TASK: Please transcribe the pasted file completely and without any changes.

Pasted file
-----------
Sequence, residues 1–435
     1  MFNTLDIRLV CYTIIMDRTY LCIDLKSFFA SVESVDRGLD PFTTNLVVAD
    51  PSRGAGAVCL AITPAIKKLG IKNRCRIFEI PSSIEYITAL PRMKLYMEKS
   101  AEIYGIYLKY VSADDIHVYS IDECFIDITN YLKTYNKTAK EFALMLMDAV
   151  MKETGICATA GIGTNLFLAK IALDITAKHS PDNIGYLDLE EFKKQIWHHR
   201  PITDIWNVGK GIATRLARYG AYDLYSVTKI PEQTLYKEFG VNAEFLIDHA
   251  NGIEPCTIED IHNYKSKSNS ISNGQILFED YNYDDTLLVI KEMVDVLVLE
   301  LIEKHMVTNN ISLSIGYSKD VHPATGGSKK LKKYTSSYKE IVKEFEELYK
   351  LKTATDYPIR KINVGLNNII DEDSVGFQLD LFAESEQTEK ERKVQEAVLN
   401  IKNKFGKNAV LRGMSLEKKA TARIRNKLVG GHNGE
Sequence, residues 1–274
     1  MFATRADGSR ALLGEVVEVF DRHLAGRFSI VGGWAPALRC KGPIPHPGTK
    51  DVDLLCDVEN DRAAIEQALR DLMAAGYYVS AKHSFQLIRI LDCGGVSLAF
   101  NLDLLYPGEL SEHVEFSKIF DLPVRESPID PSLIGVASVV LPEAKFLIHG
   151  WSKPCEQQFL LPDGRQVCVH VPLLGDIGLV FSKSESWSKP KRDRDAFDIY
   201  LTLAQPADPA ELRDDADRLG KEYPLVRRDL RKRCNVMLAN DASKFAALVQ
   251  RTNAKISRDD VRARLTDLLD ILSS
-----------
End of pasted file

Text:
Sequence, residues 1–435
     1  MFNTLDIRLV CYTIIMDRTY LCIDLKSFFA SVESVDRGLD PFTTNLVVAD
    51  PSRGAGAVCL AITPAIKKLG IKNRCRIFEI PSSIEYITAL PRMKLYMEKS
   101  AEIYGIYLKY VSADDIHVYS IDECFIDITN YLKTYNKTAK EFALMLMDAV
   151  MKETGICATA GIGTNLFLAK IALDITAKHS PDNIGYLDLE EFKKQIWHHR
   201  PITDIWNVGK GIATRLARYG AYDLYSVTKI PEQTLYKEFG VNAEFLIDHA
   251  NGIEPCTIED IHNYKSKSNS ISNGQILFED YNYDDTLLVI KEMVDVLVLE
   301  LIEKHMVTNN ISLSIGYSKD VHPATGGSKK LKKYTSSYKE IVKEFEELYK
   351  LKTATDYPIR KINVGLNNII DEDSVGFQLD LFAESEQTEK ERKVQEAVLN
   401  IKNKFGKNAV LRGMSLEKKA TARIRNKLVG GHNGE
Sequence, residues 1–274
     1  MFATRADGSR ALLGEVVEVF DRHLAGRFSI VGGWAPALRC KGPIPHPGTK
    51  DVDLLCDVEN DRAAIEQALR DLMAAGYYVS AKHSFQLIRI LDCGGVSLAF
   101  NLDLLYPGEL SEHVEFSKIF DLPVRESPID PSLIGVASVV LPEAKFLIHG
   151  WSKPCEQQFL LPDGRQVCVH VPLLGDIGLV FSKSESWSKP KRDRDAFDIY
   201  LTLAQPADPA ELRDDADRLG KEYPLVRRDL RKRCNVMLAN DASKFAALVQ
   251  RTNAKISRDD VRARLTDLLD ILSS